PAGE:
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How Do You Reheat Rice? Carefully, Unless You Want Fried Rice Syndrome

Reheating once is usually fine, but any more than that and a deadly toxin can emerge.


Rachael Funnell


Rachael Funnell

Digital Content Producer

Rachael is a writer and digital content producer at IFLScience with a Zoology degree from the University of Southampton, UK, and a nose for novelty animal stories.

Digital Content Producer

fried rice syndrome

It’s important to know how to reheat rice if you want to avoid Bacillus cereus food poisoning, caused by a toxin released by growing bacteria. 

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Warm, fluffy, steamy rice is delicious, but unfortunately, it also provides the perfect conditions for cultivating potentially nasty bacterial growth. Bacillus cereus, among other bacteria, are common on uncooked rice, and boiling alone isn’t sufficient to kill them off as they produce spores that can tolerate the heat.

Once the cooking is over, rice left to rest at room temperature can play host to a bacterial bonanza as they multiply and release harmful toxins, sometimes leading to B. cereus food poisoning, also known as “fried rice syndrome”. Avoiding it comes down to how you prepare, cook, and keep your rice after cooking.


Preparing and storing rice

Washing your hands is always a solid start when preparing food, and while washing rice can change its texture and get rid of bugs or heavy metals lurking among the grains, it won’t get rid of B. cereus. This is because the bacteria are embedded in the grains, so they’re not going anywhere.

You want to bring rice to a boil before simmering to keep the temperature up so you don’t fall into the danger zone by creating a hot tub for multiplying bacteria. The cooked result should then be served immediately, or cooled quickly and put into a container for the fridge or freezer. Avoid leaving cooked rice sitting out for more than an hour.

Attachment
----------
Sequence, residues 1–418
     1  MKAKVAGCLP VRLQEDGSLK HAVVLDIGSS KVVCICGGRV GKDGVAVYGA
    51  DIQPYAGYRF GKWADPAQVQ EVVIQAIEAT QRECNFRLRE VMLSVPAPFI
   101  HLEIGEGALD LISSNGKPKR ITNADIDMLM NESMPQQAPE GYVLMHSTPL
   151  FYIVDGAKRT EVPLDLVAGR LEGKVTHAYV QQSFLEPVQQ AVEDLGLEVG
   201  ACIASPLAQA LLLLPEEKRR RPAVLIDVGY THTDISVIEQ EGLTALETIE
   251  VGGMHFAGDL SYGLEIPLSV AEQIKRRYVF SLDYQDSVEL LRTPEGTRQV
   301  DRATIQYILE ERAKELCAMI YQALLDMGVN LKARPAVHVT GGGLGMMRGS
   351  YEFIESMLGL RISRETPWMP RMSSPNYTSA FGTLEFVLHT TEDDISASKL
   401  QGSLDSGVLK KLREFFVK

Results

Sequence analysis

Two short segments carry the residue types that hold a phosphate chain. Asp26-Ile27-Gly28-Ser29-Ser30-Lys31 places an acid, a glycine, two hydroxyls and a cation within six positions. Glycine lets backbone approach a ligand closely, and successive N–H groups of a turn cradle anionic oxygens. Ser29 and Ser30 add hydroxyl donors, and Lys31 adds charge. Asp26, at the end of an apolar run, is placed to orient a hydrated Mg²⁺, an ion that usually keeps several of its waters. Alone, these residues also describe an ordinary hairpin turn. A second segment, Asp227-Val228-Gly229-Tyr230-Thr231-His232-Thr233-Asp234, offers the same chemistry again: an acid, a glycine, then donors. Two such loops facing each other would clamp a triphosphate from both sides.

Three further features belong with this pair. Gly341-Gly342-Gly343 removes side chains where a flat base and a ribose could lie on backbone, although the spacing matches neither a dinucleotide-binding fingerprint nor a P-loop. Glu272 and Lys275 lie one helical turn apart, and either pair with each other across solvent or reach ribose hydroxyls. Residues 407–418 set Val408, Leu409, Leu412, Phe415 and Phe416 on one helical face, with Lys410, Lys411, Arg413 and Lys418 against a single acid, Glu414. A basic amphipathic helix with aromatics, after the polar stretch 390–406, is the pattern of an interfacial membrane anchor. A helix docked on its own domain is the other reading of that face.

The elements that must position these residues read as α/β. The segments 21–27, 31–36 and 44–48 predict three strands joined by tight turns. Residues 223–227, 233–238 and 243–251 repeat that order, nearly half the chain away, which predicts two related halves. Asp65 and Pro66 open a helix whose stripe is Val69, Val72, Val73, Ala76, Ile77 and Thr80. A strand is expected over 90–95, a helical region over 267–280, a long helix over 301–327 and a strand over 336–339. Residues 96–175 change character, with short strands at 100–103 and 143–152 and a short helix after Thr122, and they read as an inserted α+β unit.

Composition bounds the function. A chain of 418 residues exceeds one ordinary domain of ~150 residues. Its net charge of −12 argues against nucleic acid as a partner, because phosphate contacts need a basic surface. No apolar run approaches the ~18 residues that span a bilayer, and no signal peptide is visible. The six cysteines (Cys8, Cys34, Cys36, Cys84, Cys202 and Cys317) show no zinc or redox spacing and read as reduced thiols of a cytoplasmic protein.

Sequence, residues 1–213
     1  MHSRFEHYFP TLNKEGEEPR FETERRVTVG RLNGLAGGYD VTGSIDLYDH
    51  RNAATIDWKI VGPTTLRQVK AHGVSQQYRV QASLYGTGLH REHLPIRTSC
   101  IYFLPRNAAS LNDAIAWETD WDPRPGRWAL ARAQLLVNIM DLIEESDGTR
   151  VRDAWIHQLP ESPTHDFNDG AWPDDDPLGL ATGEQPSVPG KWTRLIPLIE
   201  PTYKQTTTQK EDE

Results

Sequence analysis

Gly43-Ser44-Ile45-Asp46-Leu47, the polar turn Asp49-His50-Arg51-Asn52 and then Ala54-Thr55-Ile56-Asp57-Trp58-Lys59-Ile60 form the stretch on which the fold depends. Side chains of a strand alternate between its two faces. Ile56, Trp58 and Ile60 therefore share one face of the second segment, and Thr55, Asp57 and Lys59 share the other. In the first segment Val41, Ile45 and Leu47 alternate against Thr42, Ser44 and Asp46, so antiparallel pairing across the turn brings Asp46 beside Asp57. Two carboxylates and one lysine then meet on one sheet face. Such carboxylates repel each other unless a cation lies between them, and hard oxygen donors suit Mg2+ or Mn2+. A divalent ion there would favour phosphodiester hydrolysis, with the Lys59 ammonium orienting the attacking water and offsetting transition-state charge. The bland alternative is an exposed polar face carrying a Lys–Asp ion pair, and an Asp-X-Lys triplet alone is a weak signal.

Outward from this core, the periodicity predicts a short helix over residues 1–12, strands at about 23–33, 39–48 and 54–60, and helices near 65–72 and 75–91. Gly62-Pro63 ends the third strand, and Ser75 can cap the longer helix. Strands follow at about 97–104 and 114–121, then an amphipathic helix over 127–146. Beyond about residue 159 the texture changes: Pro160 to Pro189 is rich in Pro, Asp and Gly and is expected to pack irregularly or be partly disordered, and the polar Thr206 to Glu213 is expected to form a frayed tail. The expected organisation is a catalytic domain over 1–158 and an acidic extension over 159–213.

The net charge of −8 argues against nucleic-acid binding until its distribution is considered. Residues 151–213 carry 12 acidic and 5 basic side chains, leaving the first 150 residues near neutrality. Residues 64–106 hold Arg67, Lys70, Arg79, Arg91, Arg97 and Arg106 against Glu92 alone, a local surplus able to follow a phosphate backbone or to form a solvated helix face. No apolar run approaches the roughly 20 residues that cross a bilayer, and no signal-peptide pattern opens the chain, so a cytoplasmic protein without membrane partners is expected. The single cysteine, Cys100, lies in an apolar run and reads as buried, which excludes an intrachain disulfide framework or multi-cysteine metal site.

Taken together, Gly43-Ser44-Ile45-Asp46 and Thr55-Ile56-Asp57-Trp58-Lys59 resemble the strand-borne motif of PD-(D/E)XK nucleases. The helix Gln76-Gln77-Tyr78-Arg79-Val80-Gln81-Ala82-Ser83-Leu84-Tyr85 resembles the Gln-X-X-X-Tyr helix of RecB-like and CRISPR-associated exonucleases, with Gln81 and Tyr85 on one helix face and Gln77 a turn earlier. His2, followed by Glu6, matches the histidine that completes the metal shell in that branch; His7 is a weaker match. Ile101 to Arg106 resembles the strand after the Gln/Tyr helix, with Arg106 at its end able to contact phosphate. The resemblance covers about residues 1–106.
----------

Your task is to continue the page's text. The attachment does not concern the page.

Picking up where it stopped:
How to reheat rice

Leftover rice can be microwaved, fried, or steamed while reheating, but it’s only safe to do so if the cooked rice has been cooled and stored correctly. If you took to bed with a carton of fried rice and some Netflix before drifting off for four hours, it’s possible that reheating your room-temperature rice could end badly.

This is because warming and cooling and warming again gives harmful bacteria like B. cereus a great opportunity to get growing, increasing your chances of fried rice syndrome. It’s worth noting that fried rice syndrome isn’t specific to fried rice, you can get it from any kind. However, fried rice recipes that call for leftovers are an easy place to trip up as by the time your final dish is ready it’s been heated twice.

How dangerous is fried rice syndrome?

B. cereus food poisoning can be fatal in severe cases, and while it’s become known as fried rice syndrome it can also occur in other foods like pasta. A 2011 case study ruled that a 20-year-old student died of B. cereus poisoning within 10 hours of eating five-day old pasta. A similar case occurred in 2003 when a family ate 8-day-old pasta salad, resulting in one death and five children being admitted to hospital.

What are the symptoms of fried rice syndrome?

Fried rice syndrome often presents with vomiting and diarrhea triggered by the toxin B. cereus produces as it grows. In most cases, the illness will be self-limiting and over within a day or two, but for some people, it can progress and even be fatal.

Antibiotics aren’t effective because it’s the toxin that causes the illness rather than the bacteria, so treatment mostly centers around replenishing fluids until the worst of the gastrointestinal symptoms have passed. This is why prevention is the best protection, so it’s probably best you pass on reheating that rice for a second time.

You never know how many times that shrimp fried it.


All “explainer” articles are confirmed by fact checkers to be correct at time of publishing. Text, images, and links may be edited, removed, or added to at a later date to keep information current. 

The content of this article is not intended to be a substitute for professional medical advice, diagnosis, or treatment. Always seek the advice of qualified health providers with questions you may have regarding medical conditions.  


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